Strategy Dynamics Briefing 59: Competing through intermediaries

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Intermediaries give rise to powerful type-3 rivalry, both in B2C and B2B cases. Often, a key objective for suppliers is to capture more share of the intermediaries’ attention, so they promote the supplier’s product more strongly to the end-customer.
Attention” comes in various forms:

  • A consumer-goods producer wants retailers to allocate a larger share of shelf space to its product than to rival products in the same category.
  • Business supplies companies fight for more pages in distributors’ catalogues than competitors.
  • Insurance companies want ...
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Strategy Dynamics Briefing 53: Type-3 rivalry for disloyal customers

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In many markets it is hard to make customers loyal, so few can be described as being ‘our‘ customers. Many coffee store users certainly do not use a single store in their locality exclusively, but visit two or more interchangeably. These people constitute an additional population to those shown in Briefings 50-52—disloyal customers. They may reach that state from the start, following the sequence of behaviors described in the choice pipeline of Briefing 40, from where it may be possible ...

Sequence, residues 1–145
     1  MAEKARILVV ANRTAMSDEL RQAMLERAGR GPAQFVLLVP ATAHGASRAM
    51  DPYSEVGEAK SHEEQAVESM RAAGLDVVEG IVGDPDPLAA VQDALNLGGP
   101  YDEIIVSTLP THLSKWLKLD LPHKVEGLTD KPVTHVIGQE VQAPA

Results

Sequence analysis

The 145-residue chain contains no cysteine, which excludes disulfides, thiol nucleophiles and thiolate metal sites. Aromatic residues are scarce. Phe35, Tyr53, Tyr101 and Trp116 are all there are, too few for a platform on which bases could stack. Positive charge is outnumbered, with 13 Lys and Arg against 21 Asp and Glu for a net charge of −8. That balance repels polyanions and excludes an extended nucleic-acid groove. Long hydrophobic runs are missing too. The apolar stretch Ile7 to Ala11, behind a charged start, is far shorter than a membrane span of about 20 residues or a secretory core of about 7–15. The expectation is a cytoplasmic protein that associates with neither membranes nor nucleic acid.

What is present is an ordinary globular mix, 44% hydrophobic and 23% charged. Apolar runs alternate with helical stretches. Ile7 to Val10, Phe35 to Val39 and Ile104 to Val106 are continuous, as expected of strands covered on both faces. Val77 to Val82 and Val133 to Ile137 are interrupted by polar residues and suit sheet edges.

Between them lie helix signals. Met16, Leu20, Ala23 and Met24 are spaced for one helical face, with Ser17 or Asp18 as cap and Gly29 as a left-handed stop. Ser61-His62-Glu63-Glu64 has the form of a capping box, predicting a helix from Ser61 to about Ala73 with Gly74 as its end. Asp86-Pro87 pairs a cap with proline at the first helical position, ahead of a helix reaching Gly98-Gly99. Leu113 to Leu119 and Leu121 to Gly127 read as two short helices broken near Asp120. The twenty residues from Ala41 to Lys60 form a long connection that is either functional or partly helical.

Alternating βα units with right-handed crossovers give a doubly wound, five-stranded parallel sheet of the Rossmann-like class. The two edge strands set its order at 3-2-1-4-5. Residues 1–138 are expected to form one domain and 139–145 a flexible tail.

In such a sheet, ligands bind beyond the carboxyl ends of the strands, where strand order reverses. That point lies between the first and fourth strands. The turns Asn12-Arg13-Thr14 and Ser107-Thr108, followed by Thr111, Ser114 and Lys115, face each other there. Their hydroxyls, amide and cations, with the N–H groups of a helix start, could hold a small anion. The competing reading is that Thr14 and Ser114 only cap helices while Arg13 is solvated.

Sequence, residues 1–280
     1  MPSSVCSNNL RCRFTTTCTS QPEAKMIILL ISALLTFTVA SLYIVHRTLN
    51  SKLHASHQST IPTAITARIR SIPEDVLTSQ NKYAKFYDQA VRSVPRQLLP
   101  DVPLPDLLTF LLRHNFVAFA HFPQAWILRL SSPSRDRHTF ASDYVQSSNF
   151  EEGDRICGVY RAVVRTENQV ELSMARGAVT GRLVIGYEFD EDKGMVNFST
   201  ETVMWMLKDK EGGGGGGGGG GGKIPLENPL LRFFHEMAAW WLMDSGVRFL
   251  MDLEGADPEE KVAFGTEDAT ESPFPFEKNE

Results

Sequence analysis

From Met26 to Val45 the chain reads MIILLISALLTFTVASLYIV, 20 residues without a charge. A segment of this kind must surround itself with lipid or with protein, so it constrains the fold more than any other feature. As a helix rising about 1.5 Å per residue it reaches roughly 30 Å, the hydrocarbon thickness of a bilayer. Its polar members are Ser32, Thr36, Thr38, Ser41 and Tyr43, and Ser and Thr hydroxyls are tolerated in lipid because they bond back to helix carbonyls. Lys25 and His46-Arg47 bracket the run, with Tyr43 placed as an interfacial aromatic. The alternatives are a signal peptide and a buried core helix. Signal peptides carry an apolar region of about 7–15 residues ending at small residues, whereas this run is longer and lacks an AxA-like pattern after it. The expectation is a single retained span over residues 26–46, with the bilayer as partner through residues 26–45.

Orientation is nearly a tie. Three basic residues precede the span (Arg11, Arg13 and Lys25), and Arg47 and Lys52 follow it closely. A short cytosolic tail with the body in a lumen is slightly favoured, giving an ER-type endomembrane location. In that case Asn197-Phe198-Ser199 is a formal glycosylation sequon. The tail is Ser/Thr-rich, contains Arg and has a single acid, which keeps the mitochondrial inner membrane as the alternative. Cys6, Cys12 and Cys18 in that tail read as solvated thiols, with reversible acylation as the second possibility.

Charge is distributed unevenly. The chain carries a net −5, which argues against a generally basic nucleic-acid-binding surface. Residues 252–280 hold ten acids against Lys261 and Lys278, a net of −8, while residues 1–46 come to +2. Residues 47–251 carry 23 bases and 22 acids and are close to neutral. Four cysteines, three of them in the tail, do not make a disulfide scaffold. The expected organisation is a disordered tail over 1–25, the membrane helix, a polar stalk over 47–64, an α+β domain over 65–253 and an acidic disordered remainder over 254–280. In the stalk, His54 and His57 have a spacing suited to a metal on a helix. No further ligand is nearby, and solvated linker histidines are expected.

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Strategy Dynamics Briefing 52: When type-1 and type-2 rivalry operate together

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It is rare for any type of rivalry to operate entirely alone…

Examining the three main types of rivarly:

  • Type-1 rivalry to capture new potential customers could feasibly happen if the product or service is entirely new, and if any customer, once committed, would find it hard to switch. The market for enterprise-resource-planning systems (ERP) comes close to this ideal – once a substantial business has committed to using SAP it would be complex and costly to throw that out and use something else.
  • Type-2 could only ...
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